Pillars of the Sky

Over the years there has been a good deal of ill-informed, and one might even say uninformed, material written and spoken about the classic western, and the depiction and treatment of the Native American Indian has arguably attracted the lion’s share of this negative commentary. That’s perhaps a slightly blunt way to open a post but it does rankle some to see unjustified assessments go unchallenged, not least because it contributes to critical neglect of the genre and a subsequent lack of appreciation and/or interest among potential viewers. Today, it feels as though we are increasingly living in a world of absolutes, one of stark blacks and whites where the very idea of nuance or shading is either dismissed outright or mercilessly lampooned. I suppose that one of the aspects that regularly draws me back to the classic 1950s version of the western is both the ease and the courage with which so many productions navigated moral, and historical complexities. Pillars of the Sky (1956) is an interesting entry in the decade’s Indian cycle,  one which adds religion and its influence on the conflict on the frontier into the blend.

It’s Oregon a few years after the end of the Civil War, and First Sergeant Emmett Bell (Jeff Chandler) is responsible for patrolling the reservation in tandem with his Nez Perce scouts. The general direction of the tale is a familiar one for anyone who has seen more than a few westerns from this era. Treaties will be compromised in the name of progress, trust betrayed in the name of expediency, and conflict stoked up off the back of misunderstandings. Still, before the storm comes the calm, represented by the peace efforts of missionary Dr Joseph Holden (Ward Bond). Holden is one of life’s true believers, a man who seeks to bring civilization and all the benefits he associates with his religion to the varied tribes sharing the reservation. Bell presents a more pragmatic face but one which is no less sincere or well-meaning for that. The arrival of the new commanding officer with with orders to supervise the construction and policing of a road through the territory spells trouble. For the army these are orders that have to be executed, for the Indian they are evidence of further hollow promises – whatever the perspective, the end result will be a fight nobody really wants yet one nobody really knows how to avoid either.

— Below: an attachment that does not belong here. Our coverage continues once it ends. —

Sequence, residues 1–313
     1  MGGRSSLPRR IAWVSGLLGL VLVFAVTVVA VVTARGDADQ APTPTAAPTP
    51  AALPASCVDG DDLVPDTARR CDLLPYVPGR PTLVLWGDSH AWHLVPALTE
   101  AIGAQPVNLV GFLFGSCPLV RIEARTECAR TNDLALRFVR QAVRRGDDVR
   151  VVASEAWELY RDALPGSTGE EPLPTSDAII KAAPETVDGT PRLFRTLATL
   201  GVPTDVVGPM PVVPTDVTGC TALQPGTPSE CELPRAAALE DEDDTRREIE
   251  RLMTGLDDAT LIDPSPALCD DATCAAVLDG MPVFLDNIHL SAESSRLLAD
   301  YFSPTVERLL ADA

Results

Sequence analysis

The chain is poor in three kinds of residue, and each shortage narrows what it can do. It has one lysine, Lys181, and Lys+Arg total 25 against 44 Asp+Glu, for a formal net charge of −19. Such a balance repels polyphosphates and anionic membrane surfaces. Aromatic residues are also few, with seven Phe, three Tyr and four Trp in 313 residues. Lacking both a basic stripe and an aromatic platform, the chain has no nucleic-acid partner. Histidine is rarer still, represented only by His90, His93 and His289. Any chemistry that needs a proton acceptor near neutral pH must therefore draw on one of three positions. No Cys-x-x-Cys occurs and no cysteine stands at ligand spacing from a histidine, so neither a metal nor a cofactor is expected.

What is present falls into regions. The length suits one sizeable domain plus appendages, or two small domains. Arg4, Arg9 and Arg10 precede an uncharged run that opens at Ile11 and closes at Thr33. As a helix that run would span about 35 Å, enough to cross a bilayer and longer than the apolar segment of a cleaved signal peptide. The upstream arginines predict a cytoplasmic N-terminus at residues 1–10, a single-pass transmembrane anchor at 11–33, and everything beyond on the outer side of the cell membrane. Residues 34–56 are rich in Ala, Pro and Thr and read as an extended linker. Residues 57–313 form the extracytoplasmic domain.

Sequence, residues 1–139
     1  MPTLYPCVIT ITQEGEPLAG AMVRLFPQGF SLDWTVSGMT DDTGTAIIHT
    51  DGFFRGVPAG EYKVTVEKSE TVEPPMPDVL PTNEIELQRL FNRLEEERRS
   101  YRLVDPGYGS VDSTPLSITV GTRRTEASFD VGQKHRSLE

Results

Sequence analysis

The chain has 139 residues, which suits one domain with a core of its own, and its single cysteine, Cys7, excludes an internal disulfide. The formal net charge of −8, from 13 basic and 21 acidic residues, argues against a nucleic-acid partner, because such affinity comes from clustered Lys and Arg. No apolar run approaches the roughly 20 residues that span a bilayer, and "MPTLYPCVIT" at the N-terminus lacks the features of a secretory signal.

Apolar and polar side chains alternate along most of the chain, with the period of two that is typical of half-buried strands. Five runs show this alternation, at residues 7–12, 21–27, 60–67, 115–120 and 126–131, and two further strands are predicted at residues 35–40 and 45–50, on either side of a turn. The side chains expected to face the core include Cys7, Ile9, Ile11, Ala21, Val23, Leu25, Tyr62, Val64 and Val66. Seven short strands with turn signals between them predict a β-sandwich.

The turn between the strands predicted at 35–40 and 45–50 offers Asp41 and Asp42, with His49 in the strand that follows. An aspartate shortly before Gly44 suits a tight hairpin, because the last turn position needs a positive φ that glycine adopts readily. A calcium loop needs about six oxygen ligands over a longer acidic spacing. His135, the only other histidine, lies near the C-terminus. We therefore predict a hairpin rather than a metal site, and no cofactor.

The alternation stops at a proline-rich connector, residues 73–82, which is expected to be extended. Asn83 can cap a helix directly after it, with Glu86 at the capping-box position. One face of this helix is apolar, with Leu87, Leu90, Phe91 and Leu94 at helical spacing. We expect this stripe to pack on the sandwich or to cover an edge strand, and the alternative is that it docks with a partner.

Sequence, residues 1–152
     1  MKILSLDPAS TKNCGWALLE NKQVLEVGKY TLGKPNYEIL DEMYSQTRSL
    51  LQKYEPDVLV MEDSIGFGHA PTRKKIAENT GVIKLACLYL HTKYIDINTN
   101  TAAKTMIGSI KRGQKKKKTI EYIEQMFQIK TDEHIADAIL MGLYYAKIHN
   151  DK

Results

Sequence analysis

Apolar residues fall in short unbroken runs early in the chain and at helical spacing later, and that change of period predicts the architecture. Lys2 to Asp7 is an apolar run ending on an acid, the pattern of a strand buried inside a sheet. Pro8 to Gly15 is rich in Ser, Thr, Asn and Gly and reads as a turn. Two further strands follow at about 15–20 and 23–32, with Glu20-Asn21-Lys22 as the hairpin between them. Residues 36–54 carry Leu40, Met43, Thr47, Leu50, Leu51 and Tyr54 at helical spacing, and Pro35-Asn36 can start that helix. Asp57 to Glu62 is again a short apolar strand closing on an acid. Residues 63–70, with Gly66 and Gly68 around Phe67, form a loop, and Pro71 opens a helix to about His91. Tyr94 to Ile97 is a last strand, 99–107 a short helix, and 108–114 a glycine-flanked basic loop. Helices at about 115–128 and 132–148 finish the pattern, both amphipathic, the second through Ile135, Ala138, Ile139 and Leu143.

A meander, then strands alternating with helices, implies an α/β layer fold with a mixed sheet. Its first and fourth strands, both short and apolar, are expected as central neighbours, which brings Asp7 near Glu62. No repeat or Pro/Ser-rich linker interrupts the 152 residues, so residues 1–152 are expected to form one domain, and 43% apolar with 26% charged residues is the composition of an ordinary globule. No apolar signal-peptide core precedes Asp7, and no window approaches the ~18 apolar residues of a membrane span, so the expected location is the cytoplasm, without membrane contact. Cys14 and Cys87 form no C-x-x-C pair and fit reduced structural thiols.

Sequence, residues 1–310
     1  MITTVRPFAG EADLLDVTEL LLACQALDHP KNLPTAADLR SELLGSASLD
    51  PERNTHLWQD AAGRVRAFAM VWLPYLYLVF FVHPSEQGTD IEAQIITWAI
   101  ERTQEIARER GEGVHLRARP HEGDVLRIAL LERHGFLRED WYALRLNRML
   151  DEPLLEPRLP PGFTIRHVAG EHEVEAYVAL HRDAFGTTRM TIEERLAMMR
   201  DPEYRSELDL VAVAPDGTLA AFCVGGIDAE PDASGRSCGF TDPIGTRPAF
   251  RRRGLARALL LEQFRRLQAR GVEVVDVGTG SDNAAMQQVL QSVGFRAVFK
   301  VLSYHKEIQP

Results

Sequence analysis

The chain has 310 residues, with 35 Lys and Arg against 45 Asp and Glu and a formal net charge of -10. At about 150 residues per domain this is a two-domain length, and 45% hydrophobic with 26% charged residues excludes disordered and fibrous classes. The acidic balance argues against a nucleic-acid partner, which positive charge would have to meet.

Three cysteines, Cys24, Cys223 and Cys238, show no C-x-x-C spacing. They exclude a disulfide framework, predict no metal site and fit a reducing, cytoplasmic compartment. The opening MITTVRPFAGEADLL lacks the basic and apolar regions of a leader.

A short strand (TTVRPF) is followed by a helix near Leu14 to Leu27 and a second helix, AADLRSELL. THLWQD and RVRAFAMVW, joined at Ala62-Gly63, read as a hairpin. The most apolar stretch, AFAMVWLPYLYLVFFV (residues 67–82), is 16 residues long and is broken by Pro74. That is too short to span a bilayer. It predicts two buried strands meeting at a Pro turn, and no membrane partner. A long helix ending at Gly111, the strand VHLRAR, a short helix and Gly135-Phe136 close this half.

Adapted from a Will Henry story, Pillars of the Sky is a typically mature piece of work, eschewing any temptation to paint in broad brush strokes and present the viewer with a simplistic heroes and villains stand-off. As is the case in so many conflicts, there are no clearly delineated good or bad guys, just people manipulated by circumstances and personal loyalties into a situation that can all too easily slide out of control. What sets this production apart from other thoughtful appraisals of the frontier wars is the prominence afforded to the religious aspect. Now some may find this overdone, and I can imagine that accusations of excessive piety might be leveled. Personally, I’m not sure that it has to be approached in that way – the theme here relates to co-existence as far as I can see. Digging a little deeper, it deals with the idea of reaching an accommodation, and on a number of levels. There is of course the wider accommodation being sought between two competing civilizations and cultures, while a range of smaller and more personal examples are to be determined among the characters.